Cervical mucus is normally produced just prior to ovulation and may be noticed as a stringy egg white like discharge unique to the middle of a woman’s cycle just prior to and during ovulation. It provides the perfect environment for the sperm to swim through to gain access to a woman’s reproductive tract and find her egg. Unfortunately, clomid may thin out her cervical mucus, preventing the sperm’s entrance into her womb. IUI overcomes this issue through bypassing the cervical barrier and depositing the sperm directly into the uterus.

However, when the uterine lining or endometrium is affected by the anti-estrogic properties of clomid, an egg may be fertilized but implantation is unsuccessful due to the lack of secretory gland development in the uterus. The lining does not thicken as it normally would during the cycle. Attempts to overcome this problem with estrogen therapy are rarely successful.

Side Effects

Many women who take clomid experience no side effects. Others have complained of headache, mood changes, spots in front of their eyes, blurry vision, hot flashes and occasional cyst development (which normally resolves on its own). Most of these effects last no longer than the five or seven days that you take the clomid and have no permanent side effect. The incidence of twins is eight to ten percent with a one percent risk of triplet development.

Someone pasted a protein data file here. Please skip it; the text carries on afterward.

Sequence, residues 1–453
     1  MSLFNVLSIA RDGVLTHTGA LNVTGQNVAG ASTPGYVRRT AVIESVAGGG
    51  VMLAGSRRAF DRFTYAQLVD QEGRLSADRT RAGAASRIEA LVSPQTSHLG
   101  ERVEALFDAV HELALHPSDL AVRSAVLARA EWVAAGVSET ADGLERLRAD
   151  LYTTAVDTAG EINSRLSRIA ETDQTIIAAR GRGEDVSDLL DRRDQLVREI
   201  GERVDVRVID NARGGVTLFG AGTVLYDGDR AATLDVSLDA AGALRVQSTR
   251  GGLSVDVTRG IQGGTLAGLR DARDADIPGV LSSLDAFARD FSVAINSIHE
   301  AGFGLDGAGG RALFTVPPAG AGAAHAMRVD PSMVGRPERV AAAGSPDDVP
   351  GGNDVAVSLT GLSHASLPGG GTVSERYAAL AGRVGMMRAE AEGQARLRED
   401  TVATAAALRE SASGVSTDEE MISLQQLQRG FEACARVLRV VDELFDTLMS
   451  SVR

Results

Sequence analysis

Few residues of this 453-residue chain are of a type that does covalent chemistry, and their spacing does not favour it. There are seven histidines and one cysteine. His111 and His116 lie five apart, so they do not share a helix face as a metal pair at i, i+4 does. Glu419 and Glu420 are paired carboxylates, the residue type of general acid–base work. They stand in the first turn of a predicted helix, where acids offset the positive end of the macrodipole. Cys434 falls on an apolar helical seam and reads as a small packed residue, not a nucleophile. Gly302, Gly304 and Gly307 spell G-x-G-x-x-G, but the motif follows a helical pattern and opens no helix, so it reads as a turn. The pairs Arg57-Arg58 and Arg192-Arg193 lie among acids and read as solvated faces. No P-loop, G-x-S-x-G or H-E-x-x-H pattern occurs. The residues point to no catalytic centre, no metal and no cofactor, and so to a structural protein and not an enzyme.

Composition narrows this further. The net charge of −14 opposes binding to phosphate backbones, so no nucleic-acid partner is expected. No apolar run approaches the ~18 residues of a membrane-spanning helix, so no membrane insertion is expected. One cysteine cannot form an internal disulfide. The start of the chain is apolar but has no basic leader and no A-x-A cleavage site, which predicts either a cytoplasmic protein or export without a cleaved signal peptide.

Limit Your Clomid Cycles

Yet another deterrent to clomid use was a study performed years ago that suggested that women who used clomid for more than twelve cycles developed an increased incidence of ovarian tumors. It is therefore recommended by the American Society of Reproductive Medicine as well as the manufacturer of clomiphene that clomid be used for no more than six months after which it is recommended by both groups that patients proceed with treatment including gonadotropins (injectable hormones containing FSH and LH) to stimulate the ovaries in combination with intrauterine insemination or in vitro fertilization.

Success rates

For patients who fail to ovulate, clomid is successful in achieving a pregnancy in nearly 70 percent of cases. All other patients average close to a 50 percent pregnancy rate if they attempt six cycles with clomid, especially when they combine it with IUI. After six months, the success is less than five percent per month.

In vitro fertilization (IVF) is a successful alternative therapy when other pelvic factors such as tubal disease, tubal ligation, adhesions or scar tissue and endometriosis exist or there is a deficient number, volume or motility of sperm. Success rates with IVF are age, exam and history dependent. The average pregnancy rate with a single fresh IVF cycle is greater than 50 percent. For women under 35, the pregnancy rate for women after a single stimulation and retrieval is greater than 70 percent with a greater than 60 percent live birth rate at Long Island IVF.